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Steve Shiffrin

Thanks for the nice comment Marc. I interpret your question to focus on communitarians on the left who are critical of materialism and aspects of capitalism. I dont think there is an obvious single candidate as there is on the conservative side. There are quite a few traditions to draw from (republicanism, Marxism, and Catholicism - from the encyclicals to Dorothy Day and Commonweal). I drew primarily on Emerson in my first book for first amendment and democratic purposes; I see him as a romantic, but not as a communitarian; nonetheless, I think many of the left writers in the republican, Marxist, and Catholic traditions have been influenced by romantic communitarians even though many of those communitarians were quite conservative.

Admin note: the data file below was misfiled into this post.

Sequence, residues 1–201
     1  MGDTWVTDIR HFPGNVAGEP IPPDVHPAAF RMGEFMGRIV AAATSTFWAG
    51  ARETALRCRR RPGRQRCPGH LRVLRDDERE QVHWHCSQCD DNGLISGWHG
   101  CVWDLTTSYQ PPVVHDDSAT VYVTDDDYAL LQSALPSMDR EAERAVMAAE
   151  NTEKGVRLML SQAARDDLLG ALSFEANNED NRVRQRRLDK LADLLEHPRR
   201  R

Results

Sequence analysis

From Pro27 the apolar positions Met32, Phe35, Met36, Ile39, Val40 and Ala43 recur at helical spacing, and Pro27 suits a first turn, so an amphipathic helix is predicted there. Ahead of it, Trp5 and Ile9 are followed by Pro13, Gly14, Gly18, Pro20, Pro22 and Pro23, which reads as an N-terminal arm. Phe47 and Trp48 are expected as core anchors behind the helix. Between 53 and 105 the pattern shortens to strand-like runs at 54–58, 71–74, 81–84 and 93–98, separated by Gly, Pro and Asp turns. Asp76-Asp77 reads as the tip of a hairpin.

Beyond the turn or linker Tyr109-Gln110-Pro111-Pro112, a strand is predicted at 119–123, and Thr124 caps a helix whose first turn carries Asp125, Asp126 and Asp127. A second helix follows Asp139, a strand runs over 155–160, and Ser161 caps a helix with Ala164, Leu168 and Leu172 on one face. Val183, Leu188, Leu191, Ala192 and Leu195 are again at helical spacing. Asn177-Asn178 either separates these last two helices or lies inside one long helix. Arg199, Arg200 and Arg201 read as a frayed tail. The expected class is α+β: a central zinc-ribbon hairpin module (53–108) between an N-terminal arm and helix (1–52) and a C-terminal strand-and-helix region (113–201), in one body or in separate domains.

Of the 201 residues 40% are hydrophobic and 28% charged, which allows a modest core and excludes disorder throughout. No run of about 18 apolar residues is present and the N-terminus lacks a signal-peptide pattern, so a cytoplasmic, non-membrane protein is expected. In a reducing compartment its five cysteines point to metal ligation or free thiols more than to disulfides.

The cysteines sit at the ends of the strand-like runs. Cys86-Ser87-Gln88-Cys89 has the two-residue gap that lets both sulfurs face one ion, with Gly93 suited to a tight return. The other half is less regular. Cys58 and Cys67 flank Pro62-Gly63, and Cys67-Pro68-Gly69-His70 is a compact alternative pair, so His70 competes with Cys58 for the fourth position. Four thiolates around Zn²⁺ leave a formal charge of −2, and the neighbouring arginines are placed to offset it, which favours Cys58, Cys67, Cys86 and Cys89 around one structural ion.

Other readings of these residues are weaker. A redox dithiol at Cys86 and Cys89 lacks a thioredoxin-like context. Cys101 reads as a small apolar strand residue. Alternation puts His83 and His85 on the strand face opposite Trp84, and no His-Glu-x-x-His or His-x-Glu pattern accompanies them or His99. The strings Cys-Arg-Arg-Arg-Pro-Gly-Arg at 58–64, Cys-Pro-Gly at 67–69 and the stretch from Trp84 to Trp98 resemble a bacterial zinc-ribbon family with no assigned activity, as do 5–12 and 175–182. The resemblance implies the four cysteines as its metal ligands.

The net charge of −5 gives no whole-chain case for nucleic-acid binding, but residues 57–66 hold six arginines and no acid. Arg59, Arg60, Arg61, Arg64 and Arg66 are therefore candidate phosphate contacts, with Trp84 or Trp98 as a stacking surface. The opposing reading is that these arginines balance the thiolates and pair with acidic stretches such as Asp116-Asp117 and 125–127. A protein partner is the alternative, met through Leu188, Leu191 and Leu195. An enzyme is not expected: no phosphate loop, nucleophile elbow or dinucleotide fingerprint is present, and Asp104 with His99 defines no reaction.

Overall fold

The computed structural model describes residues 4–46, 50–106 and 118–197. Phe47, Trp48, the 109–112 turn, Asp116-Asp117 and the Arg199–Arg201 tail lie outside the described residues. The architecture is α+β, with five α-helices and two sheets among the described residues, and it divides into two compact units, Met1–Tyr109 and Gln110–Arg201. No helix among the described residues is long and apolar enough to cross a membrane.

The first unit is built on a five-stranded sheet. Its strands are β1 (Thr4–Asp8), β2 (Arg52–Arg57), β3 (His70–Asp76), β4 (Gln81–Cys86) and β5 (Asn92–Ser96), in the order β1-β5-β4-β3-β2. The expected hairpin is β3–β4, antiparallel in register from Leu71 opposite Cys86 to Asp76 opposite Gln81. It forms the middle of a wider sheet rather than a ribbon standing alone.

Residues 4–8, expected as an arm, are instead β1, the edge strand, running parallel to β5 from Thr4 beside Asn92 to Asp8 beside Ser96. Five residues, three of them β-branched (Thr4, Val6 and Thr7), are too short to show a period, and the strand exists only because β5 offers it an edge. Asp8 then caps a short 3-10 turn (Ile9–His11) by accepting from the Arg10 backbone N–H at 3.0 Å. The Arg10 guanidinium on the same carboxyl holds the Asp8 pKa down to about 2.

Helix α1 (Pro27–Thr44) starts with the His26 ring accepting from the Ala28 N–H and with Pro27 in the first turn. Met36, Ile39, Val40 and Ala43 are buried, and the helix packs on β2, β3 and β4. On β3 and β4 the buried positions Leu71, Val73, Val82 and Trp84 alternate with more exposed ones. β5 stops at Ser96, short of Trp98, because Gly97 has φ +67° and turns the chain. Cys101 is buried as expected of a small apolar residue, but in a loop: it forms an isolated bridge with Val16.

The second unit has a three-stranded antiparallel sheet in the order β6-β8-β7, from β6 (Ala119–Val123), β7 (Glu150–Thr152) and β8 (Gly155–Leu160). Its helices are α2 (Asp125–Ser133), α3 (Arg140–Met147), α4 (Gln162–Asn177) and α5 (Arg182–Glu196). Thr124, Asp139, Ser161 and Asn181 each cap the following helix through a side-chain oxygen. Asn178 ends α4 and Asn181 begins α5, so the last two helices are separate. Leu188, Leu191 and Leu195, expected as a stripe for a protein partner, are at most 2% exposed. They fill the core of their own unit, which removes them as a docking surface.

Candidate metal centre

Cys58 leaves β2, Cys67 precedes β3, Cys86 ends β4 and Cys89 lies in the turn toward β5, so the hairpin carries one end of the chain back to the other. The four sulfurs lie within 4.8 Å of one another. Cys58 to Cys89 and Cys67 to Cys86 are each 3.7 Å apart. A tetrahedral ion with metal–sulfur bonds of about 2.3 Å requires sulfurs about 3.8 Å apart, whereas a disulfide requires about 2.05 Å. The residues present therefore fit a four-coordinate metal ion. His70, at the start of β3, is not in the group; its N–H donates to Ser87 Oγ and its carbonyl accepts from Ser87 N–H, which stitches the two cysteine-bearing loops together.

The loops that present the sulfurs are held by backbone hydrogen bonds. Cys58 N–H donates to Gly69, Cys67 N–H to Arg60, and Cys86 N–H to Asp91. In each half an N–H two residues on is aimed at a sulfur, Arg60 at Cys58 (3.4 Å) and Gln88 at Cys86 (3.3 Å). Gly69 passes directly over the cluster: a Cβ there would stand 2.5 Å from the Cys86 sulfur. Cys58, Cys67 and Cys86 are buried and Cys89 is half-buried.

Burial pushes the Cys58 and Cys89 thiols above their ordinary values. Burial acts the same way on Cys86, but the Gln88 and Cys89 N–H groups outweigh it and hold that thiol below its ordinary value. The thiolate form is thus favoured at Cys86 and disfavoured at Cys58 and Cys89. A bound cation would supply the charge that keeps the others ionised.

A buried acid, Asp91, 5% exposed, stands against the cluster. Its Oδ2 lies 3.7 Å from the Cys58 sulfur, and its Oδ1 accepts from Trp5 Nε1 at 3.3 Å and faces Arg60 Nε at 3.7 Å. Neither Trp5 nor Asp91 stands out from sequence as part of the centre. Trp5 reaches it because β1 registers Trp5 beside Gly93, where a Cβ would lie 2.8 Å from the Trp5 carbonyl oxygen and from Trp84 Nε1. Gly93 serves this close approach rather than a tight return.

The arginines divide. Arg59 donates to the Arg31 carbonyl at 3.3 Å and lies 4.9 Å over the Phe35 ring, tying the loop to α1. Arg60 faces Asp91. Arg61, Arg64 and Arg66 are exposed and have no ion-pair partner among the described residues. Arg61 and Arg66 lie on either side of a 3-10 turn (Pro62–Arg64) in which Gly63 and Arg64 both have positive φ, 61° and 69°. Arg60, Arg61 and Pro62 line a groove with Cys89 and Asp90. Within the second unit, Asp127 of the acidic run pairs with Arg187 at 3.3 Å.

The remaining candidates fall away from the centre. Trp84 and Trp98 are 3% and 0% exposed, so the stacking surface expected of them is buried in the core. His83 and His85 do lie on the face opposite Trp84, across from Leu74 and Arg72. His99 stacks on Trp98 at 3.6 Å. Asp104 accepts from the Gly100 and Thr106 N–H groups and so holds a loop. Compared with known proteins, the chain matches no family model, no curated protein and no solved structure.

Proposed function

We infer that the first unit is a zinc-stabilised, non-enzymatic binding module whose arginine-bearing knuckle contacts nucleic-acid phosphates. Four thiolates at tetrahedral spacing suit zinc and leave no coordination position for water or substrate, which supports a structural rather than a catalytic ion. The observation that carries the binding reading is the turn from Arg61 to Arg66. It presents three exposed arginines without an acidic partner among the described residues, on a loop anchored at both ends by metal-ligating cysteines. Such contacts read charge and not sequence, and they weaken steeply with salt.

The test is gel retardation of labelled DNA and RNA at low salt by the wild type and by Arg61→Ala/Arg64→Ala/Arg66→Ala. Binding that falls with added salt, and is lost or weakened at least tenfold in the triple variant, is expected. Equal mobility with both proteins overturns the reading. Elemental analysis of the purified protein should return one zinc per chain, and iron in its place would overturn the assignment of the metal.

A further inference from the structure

Marc DeGirolami

Steve, terrific post. I agree that the criticism of modernity along these lines can be found in the counter-Enlightenment tradition beginning in the late-18th century -- a sensibility you describe very well in your book on Romanticism. On the conservative side, one of the important roots is Burke. Whom would you say is a strong progenitor on the liberal side of this genre of critique?

Steve Shiffrin

Thanks for the comment. I think you are right and would add that
this form of criticism stretches back most powerfully to the
romantic movement in the late eighteenth century. By the way, I like
your comments on architecture and Dreher on your own blog.

Julien Peter Benney

The criticism of materialism has always united many cultural critics: the “crunchy con” movement Dreher identified about half a decade ago actually has many links with the counterculture of the 1960s - when the similarities you identify were noted within the Beat movement in particular, and still had roots as late as the middle 1970s before punk largely removed the communitarian or “personalist” emphasis of the Sixties.

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